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22nd December 2021
The use of apatinib therapy in patients with radio-active iodine-refractory thyroid cancer has been found to be safe and effective, improving progression-free survival. This was the main result from the Efficacy of Apatinib in Radioactive Iodine-refractory Differentiated Thyroid Cancer [REALITY] trial, undertaken by a team from the Department of Nuclear Medicine, Beijing Key Laboratory of Molecular Targeted Diagnosis and Therapy in Nuclear Medicine, Peking, China.
The incidence of thyroid cancer has been increasing globally over the past three decades and affects around 5 to 6% of men and women. Differentiated thyroid cancer (DTC) , which includes papillary and follicular histologies, is the most common type, accounting for over 90% of all thyroid cancers. Although radioactive iodine therapy is effective for a large proportion of patients with DTC, unfortunately around 5 to 15% of patients become refractory to therapy, prompting the need for alternatives.
Apatinib is a small-molecule angiogenesis inhibitor which suppresses vascular endothelial growth factor (VEGF) signalling. The value of apatinib therapy in radioactive iodine-refractory DTC has been examined in two small studies. In the first including 10 patients, the drug was described as a promising therapy, whereas in the second, dosing schedule study, undertaken with 20 patients, the drug produced a similar efficacy with both doses.
Based on these preliminary studies, the Chinese team, decided to undertake a randomised, double-blind, placebo trial of apatinib in patients with progressive, locally advanced or metastatic radioactive iodine-refractory DTC. The REALITY trial was conducted in adults (18 years and over) and the inclusion criteria were those whose target lesion had lost iodine uptake function, where the lesion had progressed within 12 months after radioactive iodine treatment. In addition, iodine refractory patients receiving chemotherapy or radiotherapy, at least one month prior to the first use of study treatment were also included. Participants were randomised 1:1 to apatinib, given at a dose of 500 mg once daily until disease progression or intolerable side-effects developed or matching placebo. Tumour assessment was performed with CT or MRI imaging and the primary endpoint was investigator assessed progression-free survival (PFS), which was defined as the time from randomisation to disease progression or death from any cause. Secondary endpoints included overall survival (OR) and the objective response rate (ORR).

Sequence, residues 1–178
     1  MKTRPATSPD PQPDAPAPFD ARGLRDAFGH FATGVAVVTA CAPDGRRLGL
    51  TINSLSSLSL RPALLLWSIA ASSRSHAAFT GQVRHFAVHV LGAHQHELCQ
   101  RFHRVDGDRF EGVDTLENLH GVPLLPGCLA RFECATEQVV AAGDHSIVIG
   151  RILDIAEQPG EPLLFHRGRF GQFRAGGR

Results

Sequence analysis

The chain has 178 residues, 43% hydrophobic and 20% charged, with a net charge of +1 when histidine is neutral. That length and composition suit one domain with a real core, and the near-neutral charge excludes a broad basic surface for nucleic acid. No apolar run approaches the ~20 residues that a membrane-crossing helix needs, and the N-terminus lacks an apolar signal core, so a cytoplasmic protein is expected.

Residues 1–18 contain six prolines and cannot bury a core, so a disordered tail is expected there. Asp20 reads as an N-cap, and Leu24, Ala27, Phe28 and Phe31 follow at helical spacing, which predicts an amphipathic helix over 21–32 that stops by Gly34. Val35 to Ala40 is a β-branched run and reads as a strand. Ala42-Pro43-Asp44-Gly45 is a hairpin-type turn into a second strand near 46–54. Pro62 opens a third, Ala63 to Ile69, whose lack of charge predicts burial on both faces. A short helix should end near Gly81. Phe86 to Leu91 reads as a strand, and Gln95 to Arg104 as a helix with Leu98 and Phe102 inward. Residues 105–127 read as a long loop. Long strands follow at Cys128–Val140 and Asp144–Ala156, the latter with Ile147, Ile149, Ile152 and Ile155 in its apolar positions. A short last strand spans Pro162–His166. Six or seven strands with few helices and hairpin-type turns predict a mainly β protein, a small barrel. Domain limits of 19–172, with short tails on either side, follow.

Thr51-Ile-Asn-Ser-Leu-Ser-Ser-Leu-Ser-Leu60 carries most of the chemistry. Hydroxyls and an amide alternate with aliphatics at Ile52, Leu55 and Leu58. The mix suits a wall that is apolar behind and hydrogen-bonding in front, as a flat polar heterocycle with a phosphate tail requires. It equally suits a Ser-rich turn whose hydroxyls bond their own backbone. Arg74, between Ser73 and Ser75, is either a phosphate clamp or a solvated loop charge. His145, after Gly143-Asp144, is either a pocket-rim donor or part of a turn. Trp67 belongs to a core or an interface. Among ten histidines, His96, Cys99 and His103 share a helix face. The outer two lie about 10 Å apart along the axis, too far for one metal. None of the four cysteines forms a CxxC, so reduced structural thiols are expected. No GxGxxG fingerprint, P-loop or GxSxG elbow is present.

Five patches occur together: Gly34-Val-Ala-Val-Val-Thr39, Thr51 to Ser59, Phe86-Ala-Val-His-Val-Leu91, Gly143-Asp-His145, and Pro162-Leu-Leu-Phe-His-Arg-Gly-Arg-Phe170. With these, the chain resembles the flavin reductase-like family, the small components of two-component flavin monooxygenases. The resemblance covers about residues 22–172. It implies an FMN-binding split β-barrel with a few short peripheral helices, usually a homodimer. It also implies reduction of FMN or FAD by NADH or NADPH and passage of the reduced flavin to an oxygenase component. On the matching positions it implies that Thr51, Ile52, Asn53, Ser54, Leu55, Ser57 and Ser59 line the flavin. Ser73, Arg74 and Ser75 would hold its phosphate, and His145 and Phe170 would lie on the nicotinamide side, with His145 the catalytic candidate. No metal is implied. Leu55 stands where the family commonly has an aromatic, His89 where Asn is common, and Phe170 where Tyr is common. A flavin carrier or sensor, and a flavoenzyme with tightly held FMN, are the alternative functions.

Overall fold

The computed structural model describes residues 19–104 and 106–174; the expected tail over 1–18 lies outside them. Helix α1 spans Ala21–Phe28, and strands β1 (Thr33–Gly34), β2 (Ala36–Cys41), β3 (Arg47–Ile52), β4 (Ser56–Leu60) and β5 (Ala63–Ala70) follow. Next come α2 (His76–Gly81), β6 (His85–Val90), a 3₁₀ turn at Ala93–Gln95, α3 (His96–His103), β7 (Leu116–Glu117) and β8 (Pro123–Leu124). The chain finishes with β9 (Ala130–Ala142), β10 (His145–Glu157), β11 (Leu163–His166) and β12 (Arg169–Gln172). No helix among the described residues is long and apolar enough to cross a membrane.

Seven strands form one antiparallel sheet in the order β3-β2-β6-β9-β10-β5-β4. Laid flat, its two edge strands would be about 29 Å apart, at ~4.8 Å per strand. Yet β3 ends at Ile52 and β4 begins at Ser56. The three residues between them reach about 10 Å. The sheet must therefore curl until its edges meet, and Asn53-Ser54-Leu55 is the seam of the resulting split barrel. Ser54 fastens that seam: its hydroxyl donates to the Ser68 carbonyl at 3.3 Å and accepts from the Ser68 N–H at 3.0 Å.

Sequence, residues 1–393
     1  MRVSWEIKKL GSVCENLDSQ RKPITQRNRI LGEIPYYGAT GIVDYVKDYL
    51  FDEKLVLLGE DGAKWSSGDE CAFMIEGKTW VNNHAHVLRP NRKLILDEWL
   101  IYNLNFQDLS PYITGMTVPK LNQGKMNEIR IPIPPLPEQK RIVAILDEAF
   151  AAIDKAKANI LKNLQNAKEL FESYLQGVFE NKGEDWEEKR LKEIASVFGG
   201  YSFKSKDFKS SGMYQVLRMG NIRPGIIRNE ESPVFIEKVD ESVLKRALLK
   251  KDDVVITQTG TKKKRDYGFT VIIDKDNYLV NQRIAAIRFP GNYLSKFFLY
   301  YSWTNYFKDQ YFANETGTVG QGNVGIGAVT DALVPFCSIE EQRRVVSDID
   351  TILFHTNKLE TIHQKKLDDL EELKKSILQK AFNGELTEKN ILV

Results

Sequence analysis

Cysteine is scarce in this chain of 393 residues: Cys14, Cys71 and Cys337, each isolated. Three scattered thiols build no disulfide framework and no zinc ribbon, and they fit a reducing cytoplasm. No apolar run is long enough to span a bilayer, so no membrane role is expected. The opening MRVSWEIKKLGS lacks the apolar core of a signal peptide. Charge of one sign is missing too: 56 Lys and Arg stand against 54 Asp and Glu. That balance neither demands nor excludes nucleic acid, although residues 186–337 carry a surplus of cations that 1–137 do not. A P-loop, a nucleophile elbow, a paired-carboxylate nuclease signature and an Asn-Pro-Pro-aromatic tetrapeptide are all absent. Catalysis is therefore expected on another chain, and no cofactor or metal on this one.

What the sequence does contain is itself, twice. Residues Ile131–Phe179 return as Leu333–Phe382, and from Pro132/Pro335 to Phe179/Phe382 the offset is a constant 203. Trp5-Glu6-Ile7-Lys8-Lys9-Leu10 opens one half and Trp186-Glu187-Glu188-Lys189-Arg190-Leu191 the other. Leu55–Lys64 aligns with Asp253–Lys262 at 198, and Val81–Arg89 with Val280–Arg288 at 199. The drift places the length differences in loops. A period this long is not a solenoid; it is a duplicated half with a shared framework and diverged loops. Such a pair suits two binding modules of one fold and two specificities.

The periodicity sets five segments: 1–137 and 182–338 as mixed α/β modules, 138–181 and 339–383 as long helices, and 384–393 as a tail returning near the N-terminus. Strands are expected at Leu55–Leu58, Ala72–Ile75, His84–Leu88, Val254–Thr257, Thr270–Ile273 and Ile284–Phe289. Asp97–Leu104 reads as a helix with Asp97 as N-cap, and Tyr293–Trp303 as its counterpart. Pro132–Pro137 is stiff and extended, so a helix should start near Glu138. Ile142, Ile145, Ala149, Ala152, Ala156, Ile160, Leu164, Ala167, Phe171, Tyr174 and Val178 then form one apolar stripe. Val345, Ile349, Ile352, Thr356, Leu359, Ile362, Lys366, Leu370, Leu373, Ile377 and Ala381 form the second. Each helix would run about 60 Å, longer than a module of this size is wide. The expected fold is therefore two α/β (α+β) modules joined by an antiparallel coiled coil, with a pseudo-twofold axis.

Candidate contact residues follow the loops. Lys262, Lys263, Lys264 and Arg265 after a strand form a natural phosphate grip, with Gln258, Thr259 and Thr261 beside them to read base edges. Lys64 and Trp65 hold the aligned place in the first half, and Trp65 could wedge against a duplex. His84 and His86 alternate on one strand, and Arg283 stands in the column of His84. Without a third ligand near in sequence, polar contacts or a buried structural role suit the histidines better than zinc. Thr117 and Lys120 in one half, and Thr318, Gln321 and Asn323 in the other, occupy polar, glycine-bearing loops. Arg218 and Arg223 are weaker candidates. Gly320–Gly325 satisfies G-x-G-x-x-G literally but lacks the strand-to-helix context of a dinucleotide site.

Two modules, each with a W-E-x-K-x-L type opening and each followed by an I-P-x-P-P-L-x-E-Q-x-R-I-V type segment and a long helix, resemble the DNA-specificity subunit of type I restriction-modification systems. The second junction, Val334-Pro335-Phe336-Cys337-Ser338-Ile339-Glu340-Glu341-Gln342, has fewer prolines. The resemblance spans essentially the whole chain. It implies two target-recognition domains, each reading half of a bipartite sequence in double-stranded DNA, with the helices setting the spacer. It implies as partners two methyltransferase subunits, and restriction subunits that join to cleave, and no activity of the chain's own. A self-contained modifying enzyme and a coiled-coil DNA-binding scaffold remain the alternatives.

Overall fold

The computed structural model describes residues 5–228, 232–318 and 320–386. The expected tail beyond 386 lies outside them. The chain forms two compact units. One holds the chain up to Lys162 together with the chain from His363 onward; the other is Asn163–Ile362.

A total of 92 patients with a mean age of 57.7 years (60.9% female) were randomised to apatinib therapy or placebo.
With a median follow-up time of 18.1 months, the median PFS was 22.2 months in the apatinib group and 4.5 months in the placebo group (hazard ratio, HR = 0.26, 95% CI 0.14 – 0.47). The 12-month PFS rate was 60.3% for apatinib compared to 12.4% in the placebo arm although this decreased to 37.2% and 4.1% (apatinib vs placebo). The ORR was 54.3% for apatinib compared to 2.2% (placebo) and the overall 12-month survival rate was 95.4% vs 79.7% (apatinib vs placebo).
In terms of safety, the most common adverse event (grade 3 or higher) was hypertension (34.8%), hand-foot syndrome (17.4%) and proteinuria (15.2%) and none of these effects were observed in the placebo group.
The authors concluded that apatinib therapy significantly improved PFS and suggested that it should be considered as a new treatment for patients with radioactive iodine-refractory DTC.